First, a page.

I walked into a Tea Party protest in New Mexico

The Tea Party people used Tax Day to rally across the country.

I'm in New Mexico this week for a board meeting of women journalists (JAWS) and in Santa Fe I stumbled upon a Tea Party protest.

It's interesting that in a state the Census shows is almost 45 percent Hispanic and almost 10 percent Native American the majority of those gathered in scenic Santa Fe were white.

A New York Times poll and story published this week found that most Tea Party people are white, wealthier and more educated than the general public.

So I scanned the crowd in Santa Fe looking for anyone who didn't fit the Tea Party profile. And I found Navajo artist Ronald Chee.

I was surprised by what he told me.

"The majority of the people here are opposed to a government takeover, "Chee  said.

He was holding a sign that read "Lower the taxes to stimulate economy."

He went on to describe President Obama's policies as practically socialist, rant against undocumented immigrants and also complain that he didn't want to pay taxes on the sale of his artwork.

"But didn't you have to pay taxes under President Bush?" I asked.

Sure he did.

But that didn't stop Chee and others from complaining about taxes and their fears of a government takeover of everything especially health care.

Chee said he pays for his own private insurance from Blue Cross Blue Shield and took his insurance card out of his wallet to show me.

He did make one good point that many Native Americans don't trust the U.S. government, obviously for the history of broken treaties and promises.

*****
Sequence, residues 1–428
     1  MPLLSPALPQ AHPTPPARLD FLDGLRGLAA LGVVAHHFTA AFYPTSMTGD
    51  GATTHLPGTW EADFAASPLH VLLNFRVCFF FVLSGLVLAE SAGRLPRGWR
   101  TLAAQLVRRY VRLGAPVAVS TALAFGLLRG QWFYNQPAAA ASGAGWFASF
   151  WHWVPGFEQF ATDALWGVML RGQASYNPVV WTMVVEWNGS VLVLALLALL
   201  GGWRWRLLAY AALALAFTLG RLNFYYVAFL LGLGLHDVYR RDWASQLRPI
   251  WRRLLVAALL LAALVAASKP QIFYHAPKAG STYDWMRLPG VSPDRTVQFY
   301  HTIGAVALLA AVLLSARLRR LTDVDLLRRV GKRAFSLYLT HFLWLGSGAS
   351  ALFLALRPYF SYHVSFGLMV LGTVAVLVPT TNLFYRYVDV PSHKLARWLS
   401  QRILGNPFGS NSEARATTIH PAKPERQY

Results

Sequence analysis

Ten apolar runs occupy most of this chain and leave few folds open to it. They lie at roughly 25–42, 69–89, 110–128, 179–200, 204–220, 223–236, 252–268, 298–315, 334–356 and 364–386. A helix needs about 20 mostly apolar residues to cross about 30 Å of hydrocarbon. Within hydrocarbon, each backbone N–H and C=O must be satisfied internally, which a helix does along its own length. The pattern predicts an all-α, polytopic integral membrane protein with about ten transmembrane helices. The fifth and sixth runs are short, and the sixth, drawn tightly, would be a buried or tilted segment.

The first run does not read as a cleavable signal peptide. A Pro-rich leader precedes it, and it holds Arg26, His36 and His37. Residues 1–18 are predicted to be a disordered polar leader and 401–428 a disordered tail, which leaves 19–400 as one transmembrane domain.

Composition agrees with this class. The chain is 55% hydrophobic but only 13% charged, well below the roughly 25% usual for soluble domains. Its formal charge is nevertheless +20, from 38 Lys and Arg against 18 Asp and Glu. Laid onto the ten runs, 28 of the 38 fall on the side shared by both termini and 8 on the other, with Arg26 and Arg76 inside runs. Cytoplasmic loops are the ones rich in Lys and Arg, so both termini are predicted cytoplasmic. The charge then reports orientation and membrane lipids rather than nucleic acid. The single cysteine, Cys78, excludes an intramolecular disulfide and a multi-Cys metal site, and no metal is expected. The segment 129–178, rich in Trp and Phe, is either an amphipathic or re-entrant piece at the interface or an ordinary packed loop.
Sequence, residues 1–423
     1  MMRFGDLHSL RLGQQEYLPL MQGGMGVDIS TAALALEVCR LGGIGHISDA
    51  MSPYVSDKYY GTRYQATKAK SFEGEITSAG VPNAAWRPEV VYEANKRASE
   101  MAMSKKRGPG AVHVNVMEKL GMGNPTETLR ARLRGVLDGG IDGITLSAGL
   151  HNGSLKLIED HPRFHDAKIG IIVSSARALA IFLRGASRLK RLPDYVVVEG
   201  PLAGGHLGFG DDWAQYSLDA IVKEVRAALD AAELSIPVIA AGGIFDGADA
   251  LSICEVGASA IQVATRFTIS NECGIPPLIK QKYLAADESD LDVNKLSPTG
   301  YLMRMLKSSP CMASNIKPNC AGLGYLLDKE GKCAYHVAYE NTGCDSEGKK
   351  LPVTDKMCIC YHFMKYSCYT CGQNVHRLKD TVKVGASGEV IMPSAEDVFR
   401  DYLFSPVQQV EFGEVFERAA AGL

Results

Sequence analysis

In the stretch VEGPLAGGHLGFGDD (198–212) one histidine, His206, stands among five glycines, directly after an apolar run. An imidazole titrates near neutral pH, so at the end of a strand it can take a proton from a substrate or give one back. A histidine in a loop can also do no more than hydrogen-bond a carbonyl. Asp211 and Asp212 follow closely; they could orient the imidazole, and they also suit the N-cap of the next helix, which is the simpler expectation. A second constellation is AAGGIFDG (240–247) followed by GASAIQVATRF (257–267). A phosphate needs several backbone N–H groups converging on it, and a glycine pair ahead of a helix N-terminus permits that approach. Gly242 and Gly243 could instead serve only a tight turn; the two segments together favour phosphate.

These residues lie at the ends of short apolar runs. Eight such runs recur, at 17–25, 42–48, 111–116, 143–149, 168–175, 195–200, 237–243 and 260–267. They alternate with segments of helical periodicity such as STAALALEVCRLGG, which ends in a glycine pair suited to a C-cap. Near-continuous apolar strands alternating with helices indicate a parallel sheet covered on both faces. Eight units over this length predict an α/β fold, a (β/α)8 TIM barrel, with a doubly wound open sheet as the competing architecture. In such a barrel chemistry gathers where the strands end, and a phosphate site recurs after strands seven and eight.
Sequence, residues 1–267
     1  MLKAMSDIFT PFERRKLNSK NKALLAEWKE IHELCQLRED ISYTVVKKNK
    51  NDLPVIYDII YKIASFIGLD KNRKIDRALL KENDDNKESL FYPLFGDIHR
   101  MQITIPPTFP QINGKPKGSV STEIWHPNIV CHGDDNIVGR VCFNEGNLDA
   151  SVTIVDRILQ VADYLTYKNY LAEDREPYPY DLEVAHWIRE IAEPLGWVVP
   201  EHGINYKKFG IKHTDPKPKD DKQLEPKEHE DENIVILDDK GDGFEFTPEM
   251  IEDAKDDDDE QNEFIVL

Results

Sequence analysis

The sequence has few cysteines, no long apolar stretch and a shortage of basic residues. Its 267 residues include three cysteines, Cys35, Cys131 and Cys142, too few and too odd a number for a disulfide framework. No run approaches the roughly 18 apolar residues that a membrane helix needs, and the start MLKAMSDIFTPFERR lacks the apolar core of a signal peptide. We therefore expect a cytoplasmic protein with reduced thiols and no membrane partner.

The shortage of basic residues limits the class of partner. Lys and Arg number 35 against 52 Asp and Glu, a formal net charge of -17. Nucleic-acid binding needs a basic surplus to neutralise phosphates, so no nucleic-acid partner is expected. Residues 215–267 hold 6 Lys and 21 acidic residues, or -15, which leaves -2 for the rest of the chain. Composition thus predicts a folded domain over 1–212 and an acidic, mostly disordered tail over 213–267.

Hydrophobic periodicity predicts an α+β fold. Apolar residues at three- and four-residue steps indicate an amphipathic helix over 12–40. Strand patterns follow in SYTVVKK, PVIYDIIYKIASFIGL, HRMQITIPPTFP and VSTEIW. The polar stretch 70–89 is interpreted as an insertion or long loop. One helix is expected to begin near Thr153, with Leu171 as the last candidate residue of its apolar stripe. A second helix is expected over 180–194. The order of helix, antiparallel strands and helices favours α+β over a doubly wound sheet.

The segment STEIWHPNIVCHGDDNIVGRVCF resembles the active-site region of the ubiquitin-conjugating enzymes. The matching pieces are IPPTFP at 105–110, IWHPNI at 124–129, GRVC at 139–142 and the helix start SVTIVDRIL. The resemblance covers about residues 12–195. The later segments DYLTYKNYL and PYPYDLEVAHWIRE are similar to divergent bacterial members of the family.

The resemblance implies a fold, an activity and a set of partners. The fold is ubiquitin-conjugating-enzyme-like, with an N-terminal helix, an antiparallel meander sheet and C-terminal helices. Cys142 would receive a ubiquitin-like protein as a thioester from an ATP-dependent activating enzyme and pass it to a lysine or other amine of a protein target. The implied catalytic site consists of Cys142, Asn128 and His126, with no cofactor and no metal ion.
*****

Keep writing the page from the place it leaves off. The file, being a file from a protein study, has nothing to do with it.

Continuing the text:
He also complained that the federal health program called the Indian Health Service was woefully inadequate. He's probably right about that too.

But wait. I thought he and other Tea Partiers don't want government intervention.

Obviously I don't agree with most of what Chee said. I wanted to know what others thought in mostly liberal Santa Fe.

Across the street from the plaza a group of Pueblo Indian vendors looked on as the Tea Party protesters assembled.

"What do you think?" I asked Rumardo Coriz, who was selling jewelry under the arches.

Coriz told me that Native Americans in New Mexico have gone through tough economic times.

New Mexico has the third highest poverty rate in the United States.

He stopped working construction jobs around 15 years ago and tries to make a living selling handmade jewelry.

Coriz looked out at the crowd gathered across the street. "I think they should just give Obama a chance," he said.

By the way, he gets his medical coverage from Medicaid.

Chee and Coriz, two viewpoints from the American Southwest on this ongoing debate over health care.

Wonder what they'd say if they sat down for tea together?


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  • Why was it a positive when Obama attracted support from a wealthy, mostly white, more educated than average crowd, but a negative for the Tea Party?

  • In reply to KPOM:

    Wow, and I thought black people and young people voted for Pres. Obama....go figure.

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